When we write a proposal for a technical book, there are five questions a publisher needs us to answer.
What are we writing, why, who will read it, where do they live and when will the work be ready.
Of these, ‘where’ is important to the publisher as it tells them where to market and sell the book. ‘Where’ is important to us because the application of whatever we are writing about is likely to be different depending on where it is applied. Readers will be more engaged if they feel we have researched and understand their local market requirements.
The answer to ‘where’ could of course be ‘everywhere’ but most things have to start ‘somewhere.’
Typically a science, engineering, technology or commercial innovation will initially be city and then country specific, may develop to be continent specific and then become universally applied (going global). The process of commercial innovation often involves a change in business focus or cross subsidy from one business to another. Politics, regulation and competition policy may also be important.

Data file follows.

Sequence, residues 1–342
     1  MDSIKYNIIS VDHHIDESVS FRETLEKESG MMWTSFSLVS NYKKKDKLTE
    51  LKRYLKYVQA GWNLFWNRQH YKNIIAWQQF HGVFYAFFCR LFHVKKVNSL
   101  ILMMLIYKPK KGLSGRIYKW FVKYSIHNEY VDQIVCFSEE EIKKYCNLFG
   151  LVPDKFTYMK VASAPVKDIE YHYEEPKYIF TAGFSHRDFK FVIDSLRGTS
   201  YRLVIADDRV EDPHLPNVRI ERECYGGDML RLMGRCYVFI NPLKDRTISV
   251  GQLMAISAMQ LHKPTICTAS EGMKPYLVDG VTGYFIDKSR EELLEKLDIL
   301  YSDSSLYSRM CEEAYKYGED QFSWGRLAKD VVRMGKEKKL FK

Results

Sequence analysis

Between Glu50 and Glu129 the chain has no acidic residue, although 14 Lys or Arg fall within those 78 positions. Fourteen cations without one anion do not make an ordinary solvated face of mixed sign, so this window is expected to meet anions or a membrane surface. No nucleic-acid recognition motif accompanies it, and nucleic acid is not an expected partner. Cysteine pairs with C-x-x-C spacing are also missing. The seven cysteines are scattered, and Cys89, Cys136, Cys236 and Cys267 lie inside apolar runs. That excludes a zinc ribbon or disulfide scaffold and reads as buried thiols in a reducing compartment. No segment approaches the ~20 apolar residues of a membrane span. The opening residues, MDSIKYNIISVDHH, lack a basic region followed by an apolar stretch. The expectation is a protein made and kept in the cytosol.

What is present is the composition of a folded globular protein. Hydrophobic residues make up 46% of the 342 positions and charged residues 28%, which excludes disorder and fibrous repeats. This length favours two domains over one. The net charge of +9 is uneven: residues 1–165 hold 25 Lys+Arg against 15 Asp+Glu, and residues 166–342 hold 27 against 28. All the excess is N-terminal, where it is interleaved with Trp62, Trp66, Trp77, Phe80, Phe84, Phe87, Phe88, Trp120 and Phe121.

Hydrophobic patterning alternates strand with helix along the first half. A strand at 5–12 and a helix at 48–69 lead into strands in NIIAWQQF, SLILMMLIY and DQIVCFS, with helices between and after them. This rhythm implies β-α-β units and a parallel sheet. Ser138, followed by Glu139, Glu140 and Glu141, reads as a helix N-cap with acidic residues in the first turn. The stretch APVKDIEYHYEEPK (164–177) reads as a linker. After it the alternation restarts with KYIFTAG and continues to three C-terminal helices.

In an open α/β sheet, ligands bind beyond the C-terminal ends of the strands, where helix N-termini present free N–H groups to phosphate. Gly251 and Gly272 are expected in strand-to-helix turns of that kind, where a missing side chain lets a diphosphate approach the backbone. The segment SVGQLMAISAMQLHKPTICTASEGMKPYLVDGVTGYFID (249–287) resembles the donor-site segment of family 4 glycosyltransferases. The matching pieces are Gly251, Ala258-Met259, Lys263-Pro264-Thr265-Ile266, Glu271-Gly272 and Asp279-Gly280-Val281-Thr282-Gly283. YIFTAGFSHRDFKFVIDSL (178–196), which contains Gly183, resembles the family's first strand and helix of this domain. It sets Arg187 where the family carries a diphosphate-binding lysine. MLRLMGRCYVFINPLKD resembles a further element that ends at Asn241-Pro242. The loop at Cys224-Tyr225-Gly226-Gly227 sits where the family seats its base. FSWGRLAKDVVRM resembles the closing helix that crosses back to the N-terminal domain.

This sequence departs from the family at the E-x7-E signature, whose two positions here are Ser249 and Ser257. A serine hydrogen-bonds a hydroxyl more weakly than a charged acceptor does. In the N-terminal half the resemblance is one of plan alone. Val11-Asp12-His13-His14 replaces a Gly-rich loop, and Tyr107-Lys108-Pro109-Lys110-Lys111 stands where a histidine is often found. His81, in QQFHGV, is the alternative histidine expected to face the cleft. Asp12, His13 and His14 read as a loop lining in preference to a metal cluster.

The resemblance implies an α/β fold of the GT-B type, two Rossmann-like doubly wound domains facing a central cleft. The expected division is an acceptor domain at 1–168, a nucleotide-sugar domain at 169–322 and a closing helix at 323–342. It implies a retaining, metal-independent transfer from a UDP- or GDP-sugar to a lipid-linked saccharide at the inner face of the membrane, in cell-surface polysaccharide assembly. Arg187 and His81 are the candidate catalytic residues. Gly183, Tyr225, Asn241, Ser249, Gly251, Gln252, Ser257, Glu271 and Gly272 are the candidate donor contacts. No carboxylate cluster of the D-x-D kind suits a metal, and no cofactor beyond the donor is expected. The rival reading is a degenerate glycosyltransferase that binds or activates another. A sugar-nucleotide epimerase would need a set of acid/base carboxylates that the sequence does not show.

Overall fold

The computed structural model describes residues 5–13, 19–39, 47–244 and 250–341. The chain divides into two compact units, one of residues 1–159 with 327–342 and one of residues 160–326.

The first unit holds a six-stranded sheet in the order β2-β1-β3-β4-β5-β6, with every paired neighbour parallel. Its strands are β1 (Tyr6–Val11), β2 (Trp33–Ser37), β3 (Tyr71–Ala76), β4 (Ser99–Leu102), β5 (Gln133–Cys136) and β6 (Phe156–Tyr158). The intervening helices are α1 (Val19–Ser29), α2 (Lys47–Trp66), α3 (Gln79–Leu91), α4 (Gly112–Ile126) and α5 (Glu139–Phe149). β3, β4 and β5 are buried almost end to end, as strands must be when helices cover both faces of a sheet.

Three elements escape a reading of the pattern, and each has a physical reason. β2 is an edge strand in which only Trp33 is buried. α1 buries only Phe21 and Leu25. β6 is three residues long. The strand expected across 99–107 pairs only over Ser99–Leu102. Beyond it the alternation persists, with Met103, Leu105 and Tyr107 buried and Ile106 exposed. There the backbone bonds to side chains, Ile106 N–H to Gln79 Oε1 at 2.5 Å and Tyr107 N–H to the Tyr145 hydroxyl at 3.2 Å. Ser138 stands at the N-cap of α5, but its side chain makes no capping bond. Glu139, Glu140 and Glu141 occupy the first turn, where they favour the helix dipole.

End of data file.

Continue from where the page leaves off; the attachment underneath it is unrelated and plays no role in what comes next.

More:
Over the past month we have done two posts about companies that are making a country to continent to global transition in parallel with a shift in business focus.
Rakuten, often described as the Amazon or Ali Baba of Japan, has successfully combined its e- commerce business with an innovative and competitive 4G and 5G service offer in Japan and is now investing in a company working on delivering 5G from space.
Reliance, a company started 50 years ago to manufacture textiles, transformed itself into a petrochemicals business and then used profits from petrol to build India’s largest and most financially successful mobile network.
Rakuten and Reliance also have ambitions to build networks rather than merely manage them.
The coupling of commercial and technical innovation is covered in detail in 5G and Satellite Spectrum, Standards and Scale.
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